At Pacific Theatre until March 29
Those who know Ron Reed, artistic director of Pacific Theatre, will be astonished at how he has transformed himself for his role in The Seafarer. In it, his hard drinking Irish character Richard punctuates almost everything he says with the f-word and he’s so filthy, so unwashed, you’d swear you can smell what undoubtedly are Richard’s frequently pissed-in trousers. Richard is almost blind, needs help from his equally boozy friend Ivan to get to the bathroom; and from the noise and bitching we hear from offstage, we can only imagine what kind of mess he’s making all over the floor. Reed, with his shirttails out and constantly hitching up those disgusting trousers, has never looked so dissipated.
Written by Connor McPherson, a contemporary Irish writer/director, the title relates to an Old English poem of the same name in which the hardships of seafaring are a metaphor for the challenges facing Christians. In McPherson’s play, four of the characters do not appear to be Christians but the fifth is definitely the Devil. Grungily realistic in Act 1, the play moves into magic realism in Act 2.
In The Seafarer, Sharky (John Emmet Tracy) has given up a good limo-driving job in County Clare to take care of his aging, alcoholic brother Richard in Dublin. There has obviously been a big binge the night before the action of the play. Drew Facey’s set is littered with bottles, garbage and overturned chairs; Richard’s friend Ivan (Tim Dixon) has been so drunk he hasn’t been able to make it home and he has lost his glasses. It’s morning but the whiskey – what’s left of it – starts being consumed all over again. To hell with breakfast, Richard and Ivan head off to the off-sales to restock. Sharky, also an alcoholic, has been dry for two days and he finds himself amidst a veritable ocean of booze and boozers that only gets worse with the arrival of Nicky (Andrew McNee), now living with Sharky’s ex-wife – a match-up that enrages Sharky.
Sharky, we discover, has a criminal past and in Act 2 it catches up with him when he finds himself in a game of poker with Richard, Ivan, Nicky and dapper Mr. Lockhart who has come along with Nicky. It doesn’t take much to realize Mr. Lockhart isn’t earthly and he’s out to collect on a Faustian bargain he made with Sharky many years ago.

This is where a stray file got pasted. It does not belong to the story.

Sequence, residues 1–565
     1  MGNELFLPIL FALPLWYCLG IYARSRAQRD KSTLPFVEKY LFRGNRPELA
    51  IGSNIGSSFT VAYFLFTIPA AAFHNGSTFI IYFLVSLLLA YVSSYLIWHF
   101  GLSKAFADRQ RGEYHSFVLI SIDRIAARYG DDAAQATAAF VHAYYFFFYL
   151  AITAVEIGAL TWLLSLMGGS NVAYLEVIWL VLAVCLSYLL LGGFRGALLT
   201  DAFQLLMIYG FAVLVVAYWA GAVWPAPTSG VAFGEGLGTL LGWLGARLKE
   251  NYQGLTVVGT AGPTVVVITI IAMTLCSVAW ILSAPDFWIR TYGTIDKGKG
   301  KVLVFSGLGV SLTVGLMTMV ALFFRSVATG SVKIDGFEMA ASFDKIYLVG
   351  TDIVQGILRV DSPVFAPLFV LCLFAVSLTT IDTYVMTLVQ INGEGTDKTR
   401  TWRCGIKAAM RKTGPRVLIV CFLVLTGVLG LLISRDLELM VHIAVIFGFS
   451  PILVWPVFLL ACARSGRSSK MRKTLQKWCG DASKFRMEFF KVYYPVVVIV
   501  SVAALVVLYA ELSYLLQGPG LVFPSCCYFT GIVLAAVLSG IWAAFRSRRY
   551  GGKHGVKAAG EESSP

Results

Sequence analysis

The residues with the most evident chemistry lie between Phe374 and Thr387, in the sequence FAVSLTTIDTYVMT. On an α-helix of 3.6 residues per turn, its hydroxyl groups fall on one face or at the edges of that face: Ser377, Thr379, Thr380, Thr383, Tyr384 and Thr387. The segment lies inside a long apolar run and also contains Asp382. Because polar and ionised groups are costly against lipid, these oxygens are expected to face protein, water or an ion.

Directed by Anthony F. Ingram, these are five superb performances. Tracy, as Sharky, is quiet and tense to the breakpoint as Richard, increasingly drunk and belligerent, orders him around. Dixon plays Ivan as a woolly-headed drunk, somewhat remorseful about his wife and kids. It’s Christmas Eve and he’s not home but he stays for the card game anyway. McNee’s Nicky is, on the surface, genial but there’s menace here and it has everything to do with Sharky and his ex-girlfriend.
When Mr. Lockhart walks in, the candle Sharky has lit to celebrate Christmas Eve flickers out. And he goes into shock when Christmas music is played. Innes is slick and suave in Lockhart’s pretense that, “it’s only a game” and Innes seems to flinch at the mere thought of touching anything in the room for fear of contamination.
The poem, The Seafarer, ends on a hopeful note of redemption. I’m not certain there’s redemption here, merely a second chance for Sharky, which, with luck and by going back on the wagon, he’ll grasp and move on.
I confess to a bias with this play and others like it. Raised with an alcoholic in the family, I don’t find drunks entertaining and I find it almost impossible to find charm in them; I can’t help but think of the families. While McPherson isn’t asking me find them charming, The Seafarer wins over audiences with three Irishmen who are, as we say, ‘three sheets to the wind’, to use a sailing reference.
And the conclusion is an unabashed deus ex machina (a person or thing that is suddenly introduced to solve what has seemed insoluble). It’s funny, it solves a problem, gets Sharky off a very nasty hook (if you believe in satanic intervention) but will he take advantage?
The Seafarer won lots of award including the Olivier Award for Best Play in 2006 but I found it long and, in spite of wonderful performances and deft direction, not completely satisfying. I was grateful that Luke Ertman’s soundscape was unobtrusive and never broke into jolly Celtic fiddling which would have been completely inappropriate. No leprechauns. No Irish pipes and drums. But lots and lots and lots of Irish whiskey.